To hire from within or not to hire from within? That is the question. In search of an answer, I interviewed three people with extensive knowledge and experience on the subject: Erin Pitera, CEO and co-owner of FMP with 15 years of tenure; Jeff Kidwell, a managing director at FMP with over 30 years of experience in consulting and professional services; and Dr. Reeshad Dalal, a Professor of Industrial and Organizational Psychology at George Mason University (GMU) and a Fellow of the Association for Psychological Science (APS) and the Society for Industrial and Organizational Psychology (SIOP).
When organizations hire, they have the option to hire internally or externally. Internal hiring refers to hiring an existing employee for a different position within the organization. External hiring refers to hiring a new candidate to fill a position in the organization. Essentially, they can be thought of as “build” vs. “buy” approaches. This blog will explore these two methods through a series of questions posed to our expert panel.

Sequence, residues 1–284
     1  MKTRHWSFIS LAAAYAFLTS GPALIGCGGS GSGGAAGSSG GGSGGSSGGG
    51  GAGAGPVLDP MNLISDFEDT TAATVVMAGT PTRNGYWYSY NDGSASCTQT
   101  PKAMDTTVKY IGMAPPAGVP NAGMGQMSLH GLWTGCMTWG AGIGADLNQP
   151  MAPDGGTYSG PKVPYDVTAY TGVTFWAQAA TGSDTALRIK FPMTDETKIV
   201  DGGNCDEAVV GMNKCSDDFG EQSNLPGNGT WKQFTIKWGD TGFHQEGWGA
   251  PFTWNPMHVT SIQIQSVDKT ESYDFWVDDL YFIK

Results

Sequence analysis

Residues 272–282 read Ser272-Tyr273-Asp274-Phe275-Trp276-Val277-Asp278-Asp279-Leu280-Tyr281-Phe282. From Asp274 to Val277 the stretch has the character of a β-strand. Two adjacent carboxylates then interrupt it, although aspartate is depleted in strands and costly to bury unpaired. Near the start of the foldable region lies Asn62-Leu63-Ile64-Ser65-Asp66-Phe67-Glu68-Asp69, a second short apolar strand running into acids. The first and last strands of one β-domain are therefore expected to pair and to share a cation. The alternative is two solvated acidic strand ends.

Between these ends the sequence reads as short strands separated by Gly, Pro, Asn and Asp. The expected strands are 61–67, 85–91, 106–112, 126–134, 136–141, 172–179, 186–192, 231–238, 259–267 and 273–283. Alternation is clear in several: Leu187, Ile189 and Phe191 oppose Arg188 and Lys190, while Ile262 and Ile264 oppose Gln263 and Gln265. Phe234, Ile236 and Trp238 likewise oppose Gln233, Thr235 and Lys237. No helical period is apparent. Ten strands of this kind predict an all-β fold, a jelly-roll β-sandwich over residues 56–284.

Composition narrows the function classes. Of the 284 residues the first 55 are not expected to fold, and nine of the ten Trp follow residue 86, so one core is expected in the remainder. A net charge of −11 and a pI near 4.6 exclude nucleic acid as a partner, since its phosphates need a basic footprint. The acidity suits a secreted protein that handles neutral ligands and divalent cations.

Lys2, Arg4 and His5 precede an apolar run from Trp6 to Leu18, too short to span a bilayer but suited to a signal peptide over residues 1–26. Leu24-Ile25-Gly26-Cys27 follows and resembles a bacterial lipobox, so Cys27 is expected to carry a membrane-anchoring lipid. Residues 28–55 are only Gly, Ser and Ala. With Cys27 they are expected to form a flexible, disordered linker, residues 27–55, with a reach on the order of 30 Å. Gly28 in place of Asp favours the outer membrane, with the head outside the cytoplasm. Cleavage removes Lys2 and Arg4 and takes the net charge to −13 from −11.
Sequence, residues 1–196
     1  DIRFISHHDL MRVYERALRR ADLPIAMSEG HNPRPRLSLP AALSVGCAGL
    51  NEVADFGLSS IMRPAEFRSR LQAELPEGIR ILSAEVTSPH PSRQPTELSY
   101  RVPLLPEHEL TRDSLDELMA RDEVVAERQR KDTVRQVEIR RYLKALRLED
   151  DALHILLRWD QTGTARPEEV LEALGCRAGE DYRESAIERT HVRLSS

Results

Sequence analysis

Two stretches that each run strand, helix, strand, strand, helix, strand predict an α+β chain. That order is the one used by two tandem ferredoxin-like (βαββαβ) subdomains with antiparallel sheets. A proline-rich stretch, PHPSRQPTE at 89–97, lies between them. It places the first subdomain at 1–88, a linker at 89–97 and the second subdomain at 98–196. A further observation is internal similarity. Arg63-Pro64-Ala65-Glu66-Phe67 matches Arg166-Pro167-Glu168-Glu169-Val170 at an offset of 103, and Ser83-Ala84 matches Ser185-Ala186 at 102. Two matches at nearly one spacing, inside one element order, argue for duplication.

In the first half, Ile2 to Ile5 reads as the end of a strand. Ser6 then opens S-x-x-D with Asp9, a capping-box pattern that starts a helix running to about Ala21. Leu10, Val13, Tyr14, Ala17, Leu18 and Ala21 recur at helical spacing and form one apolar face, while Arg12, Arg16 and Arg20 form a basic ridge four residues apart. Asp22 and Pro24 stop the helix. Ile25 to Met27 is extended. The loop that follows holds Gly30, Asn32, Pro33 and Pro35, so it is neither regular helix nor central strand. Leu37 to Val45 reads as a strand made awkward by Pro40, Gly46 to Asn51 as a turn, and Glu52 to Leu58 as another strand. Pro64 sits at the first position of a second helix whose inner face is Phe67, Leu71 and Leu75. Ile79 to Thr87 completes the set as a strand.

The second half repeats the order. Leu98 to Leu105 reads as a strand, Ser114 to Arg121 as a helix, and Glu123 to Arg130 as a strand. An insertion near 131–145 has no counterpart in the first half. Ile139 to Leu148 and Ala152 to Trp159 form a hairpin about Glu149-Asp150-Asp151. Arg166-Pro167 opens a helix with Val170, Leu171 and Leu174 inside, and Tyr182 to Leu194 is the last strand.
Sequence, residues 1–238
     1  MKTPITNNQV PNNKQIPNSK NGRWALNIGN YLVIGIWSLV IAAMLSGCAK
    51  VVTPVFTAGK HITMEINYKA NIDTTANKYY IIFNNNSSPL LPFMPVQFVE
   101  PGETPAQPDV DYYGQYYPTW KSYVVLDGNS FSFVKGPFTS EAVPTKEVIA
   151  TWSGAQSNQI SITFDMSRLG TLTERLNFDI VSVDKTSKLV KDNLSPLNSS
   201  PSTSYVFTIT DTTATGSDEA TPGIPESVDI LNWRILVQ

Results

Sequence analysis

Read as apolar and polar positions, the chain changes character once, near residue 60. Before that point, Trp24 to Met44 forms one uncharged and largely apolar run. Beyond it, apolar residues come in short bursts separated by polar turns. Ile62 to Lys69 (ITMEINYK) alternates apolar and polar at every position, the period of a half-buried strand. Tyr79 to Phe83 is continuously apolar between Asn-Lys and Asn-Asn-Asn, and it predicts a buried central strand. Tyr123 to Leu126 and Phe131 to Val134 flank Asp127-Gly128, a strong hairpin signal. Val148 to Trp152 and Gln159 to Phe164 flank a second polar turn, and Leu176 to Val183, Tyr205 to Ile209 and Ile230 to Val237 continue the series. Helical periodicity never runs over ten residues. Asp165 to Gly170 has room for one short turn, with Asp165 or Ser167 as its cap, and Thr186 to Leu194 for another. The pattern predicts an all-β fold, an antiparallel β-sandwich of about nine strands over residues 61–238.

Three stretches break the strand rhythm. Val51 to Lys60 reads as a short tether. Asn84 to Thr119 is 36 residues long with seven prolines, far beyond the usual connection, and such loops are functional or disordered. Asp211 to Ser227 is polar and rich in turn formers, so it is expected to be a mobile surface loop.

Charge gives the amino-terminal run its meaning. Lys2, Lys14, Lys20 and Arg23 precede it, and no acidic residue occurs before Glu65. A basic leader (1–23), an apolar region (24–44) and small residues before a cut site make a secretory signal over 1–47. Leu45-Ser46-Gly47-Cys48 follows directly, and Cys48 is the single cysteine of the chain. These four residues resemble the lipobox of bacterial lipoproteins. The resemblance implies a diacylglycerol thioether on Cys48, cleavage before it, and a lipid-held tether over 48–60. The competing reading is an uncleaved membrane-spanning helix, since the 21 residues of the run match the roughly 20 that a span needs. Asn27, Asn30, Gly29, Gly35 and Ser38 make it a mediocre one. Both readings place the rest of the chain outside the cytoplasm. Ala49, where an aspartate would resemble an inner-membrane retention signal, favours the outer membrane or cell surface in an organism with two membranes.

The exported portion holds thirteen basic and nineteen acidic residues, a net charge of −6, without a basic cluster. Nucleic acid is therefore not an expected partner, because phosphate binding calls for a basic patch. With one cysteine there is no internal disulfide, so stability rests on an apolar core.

Note that responses have been edited for length and clarity.
In your professional opinion, what is the major benefit of internal hiring? And of external hiring?
Erin: Benefits to internal hiring for the organization are that you are able to hire someone into a role that is already a good culture fit, is aligned with your organizational values, and understands your internal practices. This reduces the organizational learning curve significantly, which may end up being more cost effective than an external hire.
Benefits for the internal hire are that they gain new skills and access to greater career opportunity, which improves their engagement. Additionally, when you are intentional about investing in your own staff, it shows the entire workforce that you are committed to career development, a major driver of job satisfaction and employee retention.